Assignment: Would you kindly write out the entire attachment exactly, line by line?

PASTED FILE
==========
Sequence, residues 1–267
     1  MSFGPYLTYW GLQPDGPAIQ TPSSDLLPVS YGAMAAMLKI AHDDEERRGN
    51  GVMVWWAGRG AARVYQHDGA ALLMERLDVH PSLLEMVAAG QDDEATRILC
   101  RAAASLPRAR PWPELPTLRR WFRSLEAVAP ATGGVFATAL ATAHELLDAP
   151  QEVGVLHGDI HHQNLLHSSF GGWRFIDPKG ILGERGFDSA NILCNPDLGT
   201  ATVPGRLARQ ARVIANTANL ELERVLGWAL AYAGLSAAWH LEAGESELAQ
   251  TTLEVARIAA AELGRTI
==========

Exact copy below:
Sequence, residues 1–267
     1  MSFGPYLTYW GLQPDGPAIQ TPSSDLLPVS YGAMAAMLKI AHDDEERRGN
    51  GVMVWWAGRG AARVYQHDGA ALLMERLDVH PSLLEMVAAG QDDEATRILC
   101  RAAASLPRAR PWPELPTLRR WFRSLEAVAP ATGGVFATAL ATAHELLDAP
   151  QEVGVLHGDI HHQNLLHSSF GGWRFIDPKG ILGERGFDSA NILCNPDLGT
   201  ATVPGRLARQ ARVIANTANL ELERVLGWAL AYAGLSAAWH LEAGESELAQ
   251  TTLEVARIAA AELGRTI